The Driver and Vehicle Agency in Northern Ireland has lost the personal details of 6,000 people.
The drivers' details were on two discs
The data was on two discs and went missing after being sent to the agency's headquarters in Swansea.
The DVA said the data was being provided in response to a safety recall by a number of manufacturers.
The head of the agency said the information was not encrypted. It included details of 7,685 vehicles and more than 6,000 vehicle keepers.
The data includes the keeper's name, address, registration mark of the vehicle, chassis number, make and colour.
However, the DVA said no personal financial data was on the discs.
"Letters have been sent to all registered keepers of vehicles involved," it said.
Northern Ireland's Environment Minister Arlene Foster said the discs were dispatched on 20 and 21 November and both arrived in Coventry.
However, on 5 December the DVA was told that the discs had not arrived in Swansea.
Ms Foster said she was "not optimistic" that the discs would be found.
Brendan Magee, chief executive of the Driver and Vehicle Agency, said it was "deeply disappointed" by the incident and could "understand why customers would be concerned".
He added: "We were undertaking a review of how we transmit all this information. We completed that review last week.
"Unfortunately, this incident had taken place before we completed the review and we deeply regret it and we regret the embarrassment we caused to the customers.
"It wasn't encrypted. This was one of the problems we had identified through our review, that this was an actual weakness. We are now looking at alternative methods of transporting this information."
Louise McElheron, one of those affected by the incident, said: "We have to provide our details to these government agencies to get child benefit and register cars.
It is the second major blunder involving lost government data
"We're trusting that they will treat our data with respect. And really we're victim to lax procedures, careless individuals or at worst dishonesty."
In a statement, Parcelforce Worldwide said it apologised for the loss of the two discs.
It said it had "searched exhaustively" for the packages "and will continue to work with the DVLA in our efforts to trace them".
Shadow Transport Secretary Theresa Villiers said it "beggars belief" that the government was "still losing CDs with thousands of people's personal data in the post".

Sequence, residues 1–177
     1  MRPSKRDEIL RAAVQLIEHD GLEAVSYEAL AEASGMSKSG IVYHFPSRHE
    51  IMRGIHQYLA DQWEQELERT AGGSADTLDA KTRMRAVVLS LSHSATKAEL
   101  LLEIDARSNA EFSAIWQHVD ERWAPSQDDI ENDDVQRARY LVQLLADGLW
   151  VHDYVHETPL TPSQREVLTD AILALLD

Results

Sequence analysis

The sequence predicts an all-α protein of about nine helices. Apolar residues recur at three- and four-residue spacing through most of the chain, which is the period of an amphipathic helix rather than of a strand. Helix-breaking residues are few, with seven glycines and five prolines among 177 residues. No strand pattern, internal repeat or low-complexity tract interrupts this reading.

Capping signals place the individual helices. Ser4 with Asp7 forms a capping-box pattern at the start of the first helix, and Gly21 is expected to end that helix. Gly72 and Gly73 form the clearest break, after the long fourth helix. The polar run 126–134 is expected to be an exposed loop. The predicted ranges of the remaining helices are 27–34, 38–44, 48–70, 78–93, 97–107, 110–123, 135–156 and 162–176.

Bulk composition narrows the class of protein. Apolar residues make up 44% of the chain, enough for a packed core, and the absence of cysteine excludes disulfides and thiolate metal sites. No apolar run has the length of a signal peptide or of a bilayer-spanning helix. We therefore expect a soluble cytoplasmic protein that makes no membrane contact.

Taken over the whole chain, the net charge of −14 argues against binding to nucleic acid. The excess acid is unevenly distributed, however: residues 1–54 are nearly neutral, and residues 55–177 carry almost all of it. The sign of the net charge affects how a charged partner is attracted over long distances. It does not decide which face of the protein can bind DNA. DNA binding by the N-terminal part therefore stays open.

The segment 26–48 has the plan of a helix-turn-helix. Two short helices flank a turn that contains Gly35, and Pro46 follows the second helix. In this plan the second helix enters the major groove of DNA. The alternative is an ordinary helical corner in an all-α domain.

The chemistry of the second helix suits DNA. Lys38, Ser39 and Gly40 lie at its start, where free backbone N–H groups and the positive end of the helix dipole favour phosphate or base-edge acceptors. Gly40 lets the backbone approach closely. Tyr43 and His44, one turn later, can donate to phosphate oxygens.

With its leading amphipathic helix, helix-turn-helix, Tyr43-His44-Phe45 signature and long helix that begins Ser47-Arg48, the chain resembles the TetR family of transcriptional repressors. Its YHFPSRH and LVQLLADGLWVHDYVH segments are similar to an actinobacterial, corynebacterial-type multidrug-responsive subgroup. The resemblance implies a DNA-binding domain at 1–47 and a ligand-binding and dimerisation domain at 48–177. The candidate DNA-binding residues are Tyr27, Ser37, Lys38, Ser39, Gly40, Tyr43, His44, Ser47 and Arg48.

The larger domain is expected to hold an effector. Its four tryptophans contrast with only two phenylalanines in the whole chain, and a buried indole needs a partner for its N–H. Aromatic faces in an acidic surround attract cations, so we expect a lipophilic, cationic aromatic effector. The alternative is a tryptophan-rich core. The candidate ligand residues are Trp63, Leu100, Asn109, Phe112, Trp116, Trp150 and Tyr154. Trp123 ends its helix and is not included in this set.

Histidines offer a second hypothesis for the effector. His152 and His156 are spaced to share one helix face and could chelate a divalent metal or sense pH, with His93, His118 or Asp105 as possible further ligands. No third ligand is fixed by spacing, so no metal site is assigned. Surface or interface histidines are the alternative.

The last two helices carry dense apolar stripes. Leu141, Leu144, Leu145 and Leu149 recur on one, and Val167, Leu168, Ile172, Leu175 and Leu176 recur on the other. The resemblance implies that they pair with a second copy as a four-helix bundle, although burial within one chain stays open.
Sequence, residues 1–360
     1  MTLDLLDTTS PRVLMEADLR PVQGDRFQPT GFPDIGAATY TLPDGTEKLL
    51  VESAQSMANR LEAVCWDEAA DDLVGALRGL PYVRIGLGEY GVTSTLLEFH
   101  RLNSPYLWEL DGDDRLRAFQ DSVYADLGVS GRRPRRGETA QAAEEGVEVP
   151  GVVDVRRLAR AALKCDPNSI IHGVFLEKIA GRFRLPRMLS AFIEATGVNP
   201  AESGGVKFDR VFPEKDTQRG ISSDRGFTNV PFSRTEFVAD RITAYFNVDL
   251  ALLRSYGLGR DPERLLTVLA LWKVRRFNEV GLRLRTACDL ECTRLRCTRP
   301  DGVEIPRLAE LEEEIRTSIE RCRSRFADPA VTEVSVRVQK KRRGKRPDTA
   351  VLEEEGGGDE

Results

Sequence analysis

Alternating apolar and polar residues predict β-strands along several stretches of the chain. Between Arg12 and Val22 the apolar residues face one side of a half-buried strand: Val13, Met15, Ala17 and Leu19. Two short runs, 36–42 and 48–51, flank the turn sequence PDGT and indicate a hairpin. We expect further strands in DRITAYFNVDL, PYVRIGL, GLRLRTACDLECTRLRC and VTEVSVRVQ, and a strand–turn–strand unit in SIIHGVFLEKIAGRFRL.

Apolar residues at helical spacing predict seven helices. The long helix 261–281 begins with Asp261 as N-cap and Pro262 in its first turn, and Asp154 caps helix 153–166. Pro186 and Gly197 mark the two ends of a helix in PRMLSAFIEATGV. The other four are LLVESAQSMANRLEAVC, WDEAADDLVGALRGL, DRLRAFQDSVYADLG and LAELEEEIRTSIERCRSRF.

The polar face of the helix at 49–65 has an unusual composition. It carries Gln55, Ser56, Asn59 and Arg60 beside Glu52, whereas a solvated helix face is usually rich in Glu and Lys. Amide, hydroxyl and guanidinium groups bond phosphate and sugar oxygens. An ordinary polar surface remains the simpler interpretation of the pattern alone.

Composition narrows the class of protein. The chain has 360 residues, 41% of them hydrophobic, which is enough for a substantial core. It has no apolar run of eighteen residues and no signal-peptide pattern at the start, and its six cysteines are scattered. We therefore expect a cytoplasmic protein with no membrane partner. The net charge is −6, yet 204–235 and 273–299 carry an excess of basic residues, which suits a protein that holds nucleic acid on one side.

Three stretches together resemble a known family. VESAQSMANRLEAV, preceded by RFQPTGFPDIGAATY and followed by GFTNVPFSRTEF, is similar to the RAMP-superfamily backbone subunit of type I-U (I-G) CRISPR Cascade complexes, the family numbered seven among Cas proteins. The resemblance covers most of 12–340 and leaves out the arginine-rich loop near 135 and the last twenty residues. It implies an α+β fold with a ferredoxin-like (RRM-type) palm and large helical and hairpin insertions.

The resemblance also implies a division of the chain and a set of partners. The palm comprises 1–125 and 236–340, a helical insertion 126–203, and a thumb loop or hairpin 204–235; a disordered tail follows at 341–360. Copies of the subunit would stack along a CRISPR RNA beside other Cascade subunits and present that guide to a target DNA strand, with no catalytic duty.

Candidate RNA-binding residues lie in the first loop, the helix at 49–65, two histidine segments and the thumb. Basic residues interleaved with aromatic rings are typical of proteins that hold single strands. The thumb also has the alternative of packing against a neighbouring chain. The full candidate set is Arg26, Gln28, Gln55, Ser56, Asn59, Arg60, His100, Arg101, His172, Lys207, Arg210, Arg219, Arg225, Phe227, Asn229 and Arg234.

"It looks like it has failed to learn anything from the HMRC catastrophe," she said.
It is the second major blunder involving lost government data in recent weeks.
Last month, two discs containing the personal details of 25 million people were lost after HM Revenue and Customs sent them unregistered and unencrypted.
Special telephone helplines have been set up for anyone concerned about the latest loss: 028 70341357 and 028 70341428.
I've been telling government organisations about exactly this type of risk for some time, as part of my job. Time and time again we are told that "after risk assessment the risk did not justify the costs of the software". Protection of sensitive information should be the priority rather than budgets. This kind of thing is bad enough once, but for it to happen again in another government body within two weeks is incredible.
G Forrester, Poole UK
Why with the technology available in this day and age are government departments still sending sensitive data around via the post? Also more worryingly, why isn't sensitive information encrypted for security? Surely information should be send via a secure network connection between offices?
Jonathan Milton, West Midlands
I'm not surprised at this recent saga involving the dvlni. I applied for a provisional licence and included my passport with the application. I never received my passport back as the dvlni say they never received it, yet I still received a licence with no identification. They do not send items by recorded delivery and the royal mail cannot trace 1st & 2nd class mail. The dvlni response is sorry and because of this I am out of pocket by £73. It's a disgrace.
tracy millar, belfast
I've said it before but as a manager in the Civil Service the main problem isn't about cuts or lack of resources. Too many Civil Service managers now spend their time managing their own careers, trying to tick boxes and telling their senior officers what they want to hear to make themselves look good. Too few now practice what they're actually paid for (ie managing staff, developing procedures, providing support, ensuring compliance and consistency and reducing bureaucracy).
Iain Scott, Newcastle
As yet I don't know if my details were among those lost. I trust the current government will abandon the idea of National ID cards with much more personal info on them. No doubt they will have "top security measures" in place to prevent id theft, except of course when they decide to post the discs with our info on them!
Eunan Jackson, Kilkeel
I do wish government departments would stop calling us "customers". Customers can take their business elsewhere: HMRC and DVLA are not operating in a competitive market environment.
Steven Baker, High Wycombe, UK
The government force us to give them our personal details under threat that if we don't we are liable for large fines or imprisonment. Yet when they loose this data they shake their heads and say oops sorry. So where are the large fines and imprisonment for them or is this yet more proof that this is not a fair or equal society?
michael atkins, waltham abbey essex
And we wonder why Identify Theft has become a problem....
Paul Simpson, Leicester